- Review Price: £99.99
Pure was once known solely as a maker of fine DAB radios, but times are a-changing. In 2012, Pure announced the new Jongo line, which is about bringing wireless and multi-room audio to those who don’t fancy forking out for a more expensive Sonos or Teufel setup. The Pure Jongo A140B is a little colourful adapter box that will let you integrate the system into your “dumb” home hi-fi.
Pure Jongo A140B Design
The Pure Jongo A140B is a small, friendly-looking plastic box. It’s almost disturbingly light, as it doesn’t need to pack-in any form of power amplifier or any speaker drivers. This is a middle man, shaking hands with the Jongo wireless system and your non-wireless hi-fi.
One of the stand-out features of the Pure Jongo A140B is something that doesn’t affect how it works. It comes in an array of cute two-tone finishes, including orange, mango yellow and lime green. This will help it to stop becoming another anonymous black box in your home audio setup, although a pure black version is available for style sticklers.
Pure Jongo A140B Wireless
The Jongo system works using your home Wi-Fi network, and is controlled using the free-to-download Pure Connect app. With it, you can control multiple Jongo-series devices. This is the first not to include its own speakers. Last year, Pure unveiled the Pure Jongo S340B, a dinky little battery-powered portable speaker, and at this year’s CES, we also saw the Pure Jongo T640 wireless audio dock.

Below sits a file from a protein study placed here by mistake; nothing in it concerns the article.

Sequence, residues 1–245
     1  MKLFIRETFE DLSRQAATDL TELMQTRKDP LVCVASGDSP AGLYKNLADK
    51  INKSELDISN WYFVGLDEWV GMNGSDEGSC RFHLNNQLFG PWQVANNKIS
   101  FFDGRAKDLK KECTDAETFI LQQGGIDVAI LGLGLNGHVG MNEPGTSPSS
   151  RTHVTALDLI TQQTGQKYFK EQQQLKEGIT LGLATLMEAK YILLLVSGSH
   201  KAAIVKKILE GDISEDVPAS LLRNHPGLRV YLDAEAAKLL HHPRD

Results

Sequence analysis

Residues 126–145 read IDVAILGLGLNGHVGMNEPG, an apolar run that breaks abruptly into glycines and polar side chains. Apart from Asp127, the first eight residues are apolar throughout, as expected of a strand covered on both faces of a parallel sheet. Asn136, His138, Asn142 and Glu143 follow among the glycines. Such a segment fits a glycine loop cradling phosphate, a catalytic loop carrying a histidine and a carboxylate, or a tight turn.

Tie together multiple Jongo boxes and you can create a pretty convincing multi-room setup, as long as all devices are in range of the same Wi-Fi network.
Pure Jongo A140B Features
The Pure Jongo A140B is the first Jongo-series product that should grab the interest of bonafide audio fanatics, though. It lets high-end audio equipment join the Jongo party, and it seems to back up its potential with its own components too.
As it needs to be able to turn a digital signal into an analogue one for non-digital systems, the Pure Jongo A140B features a 24-bit DAC. It outputs analogue stereo audio through a traditional pair of phono plugs – letting it work with positively ancient hi-fi systems.
If your setup is a little more up-to-date, you can bypass this DAC if you prefer. There are two digital audio outputs, an optical and a coaxial. Using these, the Jongo A140B turns into the most basic of nodes in the Jongo system.
Also on the box’s rear is a USB slot, there to enable software updates.
The Pure Jongo A140B will go on sale later this year for £99.99. What do you think – does Jongo offer an attractive replacement for a Sonos system?
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